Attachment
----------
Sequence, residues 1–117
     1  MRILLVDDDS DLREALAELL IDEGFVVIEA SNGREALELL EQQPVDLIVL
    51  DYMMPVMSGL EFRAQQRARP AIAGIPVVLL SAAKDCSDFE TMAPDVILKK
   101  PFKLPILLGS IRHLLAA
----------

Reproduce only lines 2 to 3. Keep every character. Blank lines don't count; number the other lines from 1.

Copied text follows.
     1  MRILLVDDDS DLREALAELL IDEGFVVIEA SNGREALELL EQQPVDLIVL
    51  DYMMPVMSGL EFRAQQRARP AIAGIPVVLL SAAKDCSDFE TMAPDVILKK